Field sampling at FS was conducted once a month during daylight (i.e., the period between one hour after sunrise and one hour before sunset). Three haul repetitions were made at each station with a center-bag seine (21.3 m long by 1.8 m high; center bag constructed of 3.2 mm #35 knotless nylon Delta mesh). Based on the profile of the beach (i.e., bank slope) and water depth, one of three deployment methods (beach, boat, or offshore) were used to deploy the center-bag seine (i.e., seine) at each station (McMichael et al., 1995). The first deployment technique was the beach method. A beach deployment method was used when the water depth was shallow and the bank had either a gradual slope or no slope. The beach deployment method consisted of the seine being pulled parallel to shore by two biologists for a total distance of 9.1 m; a 15.5 m line stretched between each seine pole was used to assure the net was being pulled the same inner-pole distance for every haul. The second deployment technique was the boat deployment method. A boat deployment method was used when the water was either to deep (water depth 0.7–1.2 m) or the bank was too steep to use a beach deployment. The boat deployment method consisted of deploying the seine from the stern in a semi-circular pattern along the bank. Once the seine was fully deployed, two biologists would pull the seine toward shore. The third and final deployment method was the offshore deployment method. An offshore deployment was used when there was either no available beach or it was too shallow to reach the beach bank by boat. The offshore deployment followed the same procedures as the beach deployment with one minor difference; at the end of the 9.1 m distance, two biologists worked the seine using a stationary pivot pole to ensure the catch did not escape (McMichael et al., 1995). Given the seine dimensions and the distance traveled (9.1 m) along the beach, the total area sampled with the beach seine was 100 m2.

Data

The FWC used two experimental field sampling approaches in the 1990s to survey fish throughout Florida (McMichael et al., 1995): monthly FS and year-round stratified random sampling (SRS). The FWC conducted fisheries monitoring using a variety of sampling gears, such as center-bag seines, otter trawls, gillnets, blocknets, and dropnets. For these analyses, data was restricted to monthly FS collections of ladyfish collected with a center-bag seine because fewer juvenile ladyfish were collected with the SRS approach. Therefore, pooling the datasets (SRS and FS) could have bias the analyses by under- or over-estimating size-at-age. Also, most ladyfish collected by the SRS approach were larger and older than the pre-selected maximum cut-off length of 100 mm SL. Following Levesque (2014), a maximum cut-off length of 100 mm SL was chosen because ladyfish larger than 100 mm SL could avoid some field sampling gear (i.e., small-mesh center-bag seines). After every net haul, fish were sorted, enumerated, and measured to the nearest 1 mm standard length (SL); a total of 20 individuals of every species were measured. It should be noted these data were collected prior to McBride et al. (2010) describing Elops smithi; Elops saurus and Elops smithi are both found on the east coast of Florida. Unfortunately, the FWC team was unaware at the time of the study that there were potentially two different species of ladyfish that could be found within the study area. As such, my findings only refer to the genus Elops.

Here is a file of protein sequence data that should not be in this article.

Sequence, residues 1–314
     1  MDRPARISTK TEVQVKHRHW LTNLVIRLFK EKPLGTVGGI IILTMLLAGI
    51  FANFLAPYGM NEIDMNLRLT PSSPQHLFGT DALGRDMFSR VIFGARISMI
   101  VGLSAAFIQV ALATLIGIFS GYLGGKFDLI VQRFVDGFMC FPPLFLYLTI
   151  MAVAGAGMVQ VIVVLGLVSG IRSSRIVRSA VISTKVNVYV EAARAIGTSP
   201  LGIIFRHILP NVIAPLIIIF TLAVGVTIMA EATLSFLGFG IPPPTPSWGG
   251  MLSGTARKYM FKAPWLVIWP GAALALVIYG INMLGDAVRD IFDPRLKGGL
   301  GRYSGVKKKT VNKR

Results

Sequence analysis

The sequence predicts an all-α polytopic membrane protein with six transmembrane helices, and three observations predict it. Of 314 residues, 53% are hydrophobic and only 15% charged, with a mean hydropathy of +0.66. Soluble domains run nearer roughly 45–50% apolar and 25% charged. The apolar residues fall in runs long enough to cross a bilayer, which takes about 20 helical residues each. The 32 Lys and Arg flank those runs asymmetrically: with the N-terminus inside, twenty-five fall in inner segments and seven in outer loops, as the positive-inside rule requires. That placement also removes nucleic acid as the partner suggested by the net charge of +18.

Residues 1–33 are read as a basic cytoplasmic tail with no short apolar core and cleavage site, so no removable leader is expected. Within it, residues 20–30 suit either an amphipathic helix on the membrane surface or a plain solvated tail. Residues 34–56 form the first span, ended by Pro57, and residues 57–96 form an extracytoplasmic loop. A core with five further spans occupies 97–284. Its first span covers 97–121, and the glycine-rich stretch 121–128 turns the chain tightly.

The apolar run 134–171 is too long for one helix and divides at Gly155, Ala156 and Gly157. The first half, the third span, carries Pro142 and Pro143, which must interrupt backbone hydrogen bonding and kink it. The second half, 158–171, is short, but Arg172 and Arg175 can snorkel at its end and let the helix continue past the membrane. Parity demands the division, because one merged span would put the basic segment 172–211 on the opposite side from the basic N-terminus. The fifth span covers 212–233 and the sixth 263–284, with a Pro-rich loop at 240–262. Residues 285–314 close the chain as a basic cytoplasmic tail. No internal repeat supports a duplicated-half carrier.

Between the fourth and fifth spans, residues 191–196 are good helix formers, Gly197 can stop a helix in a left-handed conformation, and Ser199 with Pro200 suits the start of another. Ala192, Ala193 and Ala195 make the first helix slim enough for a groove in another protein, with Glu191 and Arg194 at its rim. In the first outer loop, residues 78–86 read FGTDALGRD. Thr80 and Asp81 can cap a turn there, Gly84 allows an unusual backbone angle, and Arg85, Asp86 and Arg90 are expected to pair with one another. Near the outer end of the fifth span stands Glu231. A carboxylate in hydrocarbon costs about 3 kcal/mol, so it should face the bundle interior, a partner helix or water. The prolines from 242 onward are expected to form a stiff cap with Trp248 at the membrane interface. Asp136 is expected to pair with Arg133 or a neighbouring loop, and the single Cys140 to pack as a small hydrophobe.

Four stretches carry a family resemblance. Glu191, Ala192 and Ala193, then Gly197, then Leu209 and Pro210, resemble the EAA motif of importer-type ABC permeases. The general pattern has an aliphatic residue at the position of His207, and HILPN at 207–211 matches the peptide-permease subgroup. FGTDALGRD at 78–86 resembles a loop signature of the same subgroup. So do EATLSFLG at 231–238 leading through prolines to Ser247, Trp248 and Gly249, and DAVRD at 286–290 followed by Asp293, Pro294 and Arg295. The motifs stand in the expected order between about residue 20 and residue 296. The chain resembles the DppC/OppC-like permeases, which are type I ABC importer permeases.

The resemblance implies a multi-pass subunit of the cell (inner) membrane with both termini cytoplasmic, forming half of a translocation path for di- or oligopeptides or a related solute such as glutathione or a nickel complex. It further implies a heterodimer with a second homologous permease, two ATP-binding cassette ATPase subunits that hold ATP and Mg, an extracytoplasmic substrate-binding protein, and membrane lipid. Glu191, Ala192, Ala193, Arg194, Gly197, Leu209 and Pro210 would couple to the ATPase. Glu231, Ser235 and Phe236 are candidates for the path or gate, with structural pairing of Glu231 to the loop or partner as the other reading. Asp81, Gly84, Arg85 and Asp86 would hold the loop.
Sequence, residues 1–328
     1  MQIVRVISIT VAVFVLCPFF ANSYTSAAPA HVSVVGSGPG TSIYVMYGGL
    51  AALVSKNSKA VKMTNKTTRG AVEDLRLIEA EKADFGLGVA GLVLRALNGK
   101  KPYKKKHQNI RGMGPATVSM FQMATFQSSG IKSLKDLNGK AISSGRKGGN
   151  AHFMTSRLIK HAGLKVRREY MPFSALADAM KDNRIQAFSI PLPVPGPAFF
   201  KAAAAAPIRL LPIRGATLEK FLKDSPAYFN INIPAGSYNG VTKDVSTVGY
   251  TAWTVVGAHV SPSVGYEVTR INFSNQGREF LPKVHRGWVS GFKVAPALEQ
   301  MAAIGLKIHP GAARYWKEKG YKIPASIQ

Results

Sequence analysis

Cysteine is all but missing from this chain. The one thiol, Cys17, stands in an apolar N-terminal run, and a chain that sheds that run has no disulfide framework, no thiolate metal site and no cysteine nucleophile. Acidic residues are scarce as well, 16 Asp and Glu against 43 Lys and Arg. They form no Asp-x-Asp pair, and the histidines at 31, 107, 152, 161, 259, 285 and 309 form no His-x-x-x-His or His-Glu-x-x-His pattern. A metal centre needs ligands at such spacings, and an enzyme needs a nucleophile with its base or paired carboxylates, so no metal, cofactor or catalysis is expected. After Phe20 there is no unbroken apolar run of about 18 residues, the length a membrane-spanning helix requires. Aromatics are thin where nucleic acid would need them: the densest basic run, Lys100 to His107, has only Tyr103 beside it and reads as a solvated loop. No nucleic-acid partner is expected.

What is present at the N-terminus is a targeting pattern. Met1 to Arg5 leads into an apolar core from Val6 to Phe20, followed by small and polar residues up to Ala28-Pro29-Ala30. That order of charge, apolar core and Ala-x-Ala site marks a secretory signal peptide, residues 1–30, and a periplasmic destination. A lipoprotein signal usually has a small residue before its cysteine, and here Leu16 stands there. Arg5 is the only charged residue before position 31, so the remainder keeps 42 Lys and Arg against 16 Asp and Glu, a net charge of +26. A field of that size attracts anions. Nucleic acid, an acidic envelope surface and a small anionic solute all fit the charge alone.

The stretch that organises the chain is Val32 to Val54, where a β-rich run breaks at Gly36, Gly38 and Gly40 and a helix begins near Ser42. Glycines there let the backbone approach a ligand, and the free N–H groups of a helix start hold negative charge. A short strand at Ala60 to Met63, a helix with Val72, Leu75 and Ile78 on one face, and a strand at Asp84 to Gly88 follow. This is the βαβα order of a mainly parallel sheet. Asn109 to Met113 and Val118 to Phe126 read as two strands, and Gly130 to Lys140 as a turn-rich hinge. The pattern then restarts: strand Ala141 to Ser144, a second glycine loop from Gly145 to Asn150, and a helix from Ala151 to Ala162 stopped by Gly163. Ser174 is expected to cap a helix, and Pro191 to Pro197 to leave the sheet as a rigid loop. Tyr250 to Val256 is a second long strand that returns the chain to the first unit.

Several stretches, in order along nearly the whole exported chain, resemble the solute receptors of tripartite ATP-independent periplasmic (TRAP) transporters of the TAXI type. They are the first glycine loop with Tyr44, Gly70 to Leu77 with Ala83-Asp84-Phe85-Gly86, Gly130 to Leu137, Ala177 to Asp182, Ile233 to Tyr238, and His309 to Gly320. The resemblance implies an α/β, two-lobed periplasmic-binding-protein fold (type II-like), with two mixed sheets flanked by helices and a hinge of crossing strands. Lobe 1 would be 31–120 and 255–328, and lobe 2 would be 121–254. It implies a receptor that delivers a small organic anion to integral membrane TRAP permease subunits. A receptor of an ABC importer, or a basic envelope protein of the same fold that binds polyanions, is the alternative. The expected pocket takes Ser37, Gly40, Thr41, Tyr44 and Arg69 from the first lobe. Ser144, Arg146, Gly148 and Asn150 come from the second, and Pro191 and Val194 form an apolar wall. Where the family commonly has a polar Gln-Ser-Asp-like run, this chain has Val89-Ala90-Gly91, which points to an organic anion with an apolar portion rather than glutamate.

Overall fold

Statistical analysis

Data were evaluated for normality and homoscedacity (variance (equivalently standard deviation) are equal) using Kolmogorov–Smirnov (Zar, 1999) and Bartlett (Bartlett, 1937a; Bartlett, 1937b) tests, respectively. If the data passed the normality tests, then parametric procedures were followed; otherwise, the data were log-transformed [log(X + 1)] to meet the underlying assumptions of normality (Zar, 1999). Non-parametric procedures were applied if the data could not meet the assumptions of normality after transformation. A post-hoc multiple comparison test was used to perform pairwise comparisons in the presence of significance at the 95% confidence level for either the Analysis of Variance (ANOVA) or Kruskal–Wallis non-parametric multi-sample tests. All analyses were conducted using Microsoft Excel® and Statgraphics Centurion XVI® Version 16.1. Statistical significance was defined as p < 0.05.